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February 2018

    For Writers

    Trouble with Transition Scenes | #Writing Advice


    When you think of your story, you think of the Big Scenes, right? The important plot points, the vital Moments that challenge your characters and move your book along. But what about the transition scenes, connecting all those story events together? Transitional scenes can be incredibly difficult to get right. They’re a spot in your novel that’s rife for info-dumping, and a poorly written transition scene can drag like dead weight. But sometimes cutting it off entirely can mess up your story’s pacing!

    A good transition scene is seamless. You don’t notice it’s a transition, because you’re engaged in what you’re reading and the information you’re being given is naturally setting up for the next Story Event. The transition gives you something — a funny moment, a beautiful description, a thrilling bit of mystery, an enlightening character detail, a hint at the conflict or tension to come — that makes it move along smoothly.

    To start things off, what is a transition scene?

    A transition scene is the thread connecting disparate parts of your novel. Take some of these examples from Harry Potter and the Halfblood Prince

    It might be a scene of time passing, such as snow falling over the Hogwarts grounds as the seasons change:

    Snow was swirling against the icy windows once more; Christmas was approaching fast. Hagrid had already single-handedly delivered the usual twelve Christmas trees for the Great Hall; garlands of holly and tinsel had been twisted around the banisters of the stairs; everlasting candles glowed from inside the helmets of suits of armor and great bunches of mistletoe had been hung at intervals along the corridors. Large groups of girls tended to converge underneath the mistletoe bunches every time Harry went past, which caused blockages in the corridors; fortunately, however, Harry’s frequent nighttime wanderings had given him an unusually good knowledge of the castle’s secret passageways, so that he was able, without too much difficulty, to navigate mistletoe-free routes between classes.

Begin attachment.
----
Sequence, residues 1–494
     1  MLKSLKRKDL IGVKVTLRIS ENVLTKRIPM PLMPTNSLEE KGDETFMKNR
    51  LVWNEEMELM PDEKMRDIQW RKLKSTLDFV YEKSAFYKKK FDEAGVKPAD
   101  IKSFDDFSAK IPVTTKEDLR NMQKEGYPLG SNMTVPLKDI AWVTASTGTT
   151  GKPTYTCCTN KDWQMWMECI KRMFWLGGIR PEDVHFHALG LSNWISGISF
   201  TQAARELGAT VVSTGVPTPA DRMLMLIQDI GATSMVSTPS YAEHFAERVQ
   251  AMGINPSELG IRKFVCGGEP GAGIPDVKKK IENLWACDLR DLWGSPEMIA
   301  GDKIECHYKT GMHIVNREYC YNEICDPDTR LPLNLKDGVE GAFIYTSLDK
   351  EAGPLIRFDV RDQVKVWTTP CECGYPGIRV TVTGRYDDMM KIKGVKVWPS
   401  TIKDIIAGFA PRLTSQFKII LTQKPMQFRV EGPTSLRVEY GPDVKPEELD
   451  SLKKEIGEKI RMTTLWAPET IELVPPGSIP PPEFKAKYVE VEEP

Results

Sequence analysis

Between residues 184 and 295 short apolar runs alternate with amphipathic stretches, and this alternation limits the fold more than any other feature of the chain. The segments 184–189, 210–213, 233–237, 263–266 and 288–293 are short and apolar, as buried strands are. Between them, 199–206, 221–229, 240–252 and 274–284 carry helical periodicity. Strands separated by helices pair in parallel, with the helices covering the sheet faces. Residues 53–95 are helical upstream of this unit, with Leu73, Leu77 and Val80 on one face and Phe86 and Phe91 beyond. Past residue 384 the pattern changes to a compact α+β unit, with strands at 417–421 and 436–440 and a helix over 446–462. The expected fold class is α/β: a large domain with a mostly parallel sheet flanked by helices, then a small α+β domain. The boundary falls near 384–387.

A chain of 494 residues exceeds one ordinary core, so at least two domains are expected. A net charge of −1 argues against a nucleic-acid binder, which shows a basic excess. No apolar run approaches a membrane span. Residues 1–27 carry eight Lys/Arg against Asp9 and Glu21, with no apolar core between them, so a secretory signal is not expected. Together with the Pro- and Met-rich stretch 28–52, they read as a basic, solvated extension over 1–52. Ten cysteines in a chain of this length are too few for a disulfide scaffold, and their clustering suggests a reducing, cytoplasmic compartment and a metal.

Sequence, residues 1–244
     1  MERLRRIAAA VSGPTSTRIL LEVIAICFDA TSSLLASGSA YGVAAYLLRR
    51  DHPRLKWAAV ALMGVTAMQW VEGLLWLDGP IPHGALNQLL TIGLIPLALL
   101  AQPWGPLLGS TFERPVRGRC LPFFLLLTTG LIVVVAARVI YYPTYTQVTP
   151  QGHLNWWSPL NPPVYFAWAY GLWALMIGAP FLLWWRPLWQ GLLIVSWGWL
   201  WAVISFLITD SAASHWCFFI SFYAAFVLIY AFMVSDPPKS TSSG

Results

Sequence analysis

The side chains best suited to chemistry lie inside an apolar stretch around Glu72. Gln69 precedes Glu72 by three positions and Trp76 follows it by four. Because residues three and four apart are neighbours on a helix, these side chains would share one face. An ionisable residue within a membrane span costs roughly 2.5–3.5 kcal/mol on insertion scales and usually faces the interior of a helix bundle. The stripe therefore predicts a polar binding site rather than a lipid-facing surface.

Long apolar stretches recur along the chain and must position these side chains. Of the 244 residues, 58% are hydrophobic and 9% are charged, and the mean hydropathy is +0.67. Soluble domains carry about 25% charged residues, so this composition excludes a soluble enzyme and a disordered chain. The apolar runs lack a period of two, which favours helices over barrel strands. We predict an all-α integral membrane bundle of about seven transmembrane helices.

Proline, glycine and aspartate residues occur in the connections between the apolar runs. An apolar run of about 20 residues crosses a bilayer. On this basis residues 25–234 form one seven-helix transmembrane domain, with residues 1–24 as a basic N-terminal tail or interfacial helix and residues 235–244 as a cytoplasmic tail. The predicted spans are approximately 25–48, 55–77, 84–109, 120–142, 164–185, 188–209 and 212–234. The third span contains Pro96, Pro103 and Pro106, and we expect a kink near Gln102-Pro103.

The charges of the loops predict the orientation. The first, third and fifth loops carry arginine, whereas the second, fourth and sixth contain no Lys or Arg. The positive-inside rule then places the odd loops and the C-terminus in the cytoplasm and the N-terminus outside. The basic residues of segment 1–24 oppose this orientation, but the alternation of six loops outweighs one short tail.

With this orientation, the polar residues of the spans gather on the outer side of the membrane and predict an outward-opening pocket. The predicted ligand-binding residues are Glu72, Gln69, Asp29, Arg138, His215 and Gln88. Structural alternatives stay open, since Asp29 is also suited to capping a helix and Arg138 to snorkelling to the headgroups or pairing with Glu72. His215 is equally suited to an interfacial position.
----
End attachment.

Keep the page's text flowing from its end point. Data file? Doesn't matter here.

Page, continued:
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    For Writers

    Am I Writing This Right? | A pep talk for writers struggling to be themselves

    Open Book with Text Am I Writing This Right?

    Writing can be a difficult and intimately personal undertaking. We all have different approaches, different voices, and different methods for the way in which we weave words. There are lots of ways to write a book, and a problem I’m seeing a lot in writing classes, blogs, and instructional books is the expectation of imparting the One True Way to write.

    As writers, we all develop our own voices, our own styles, and it can be discouraging — demoralizing, even — to be told that your style is “wrong”. That the only sentences worth writing are ones that Work Like This. (This crops up a lot when your writing class is bent towards literary fiction, but you want to write for speculative fiction, like fantasy or science fiction. Sometimes those books just work differently, don’t they?)